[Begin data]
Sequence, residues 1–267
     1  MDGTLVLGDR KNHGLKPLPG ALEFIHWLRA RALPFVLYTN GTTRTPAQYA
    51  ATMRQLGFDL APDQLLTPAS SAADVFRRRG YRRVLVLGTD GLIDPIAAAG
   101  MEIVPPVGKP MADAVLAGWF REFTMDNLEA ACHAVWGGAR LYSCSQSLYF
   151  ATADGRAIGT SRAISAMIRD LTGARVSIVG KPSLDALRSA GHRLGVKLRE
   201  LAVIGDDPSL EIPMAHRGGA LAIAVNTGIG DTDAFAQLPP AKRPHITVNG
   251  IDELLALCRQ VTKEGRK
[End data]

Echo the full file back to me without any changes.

Sequence, residues 1–267
     1  MDGTLVLGDR KNHGLKPLPG ALEFIHWLRA RALPFVLYTN GTTRTPAQYA
    51  ATMRQLGFDL APDQLLTPAS SAADVFRRRG YRRVLVLGTD GLIDPIAAAG
   101  MEIVPPVGKP MADAVLAGWF REFTMDNLEA ACHAVWGGAR LYSCSQSLYF
   151  ATADGRAIGT SRAISAMIRD LTGARVSIVG KPSLDALRSA GHRLGVKLRE
   201  LAVIGDDPSL EIPMAHRGGA LAIAVNTGIG DTDAFAQLPP AKRPHITVNG
   251  IDELLALCRQ VTKEGRK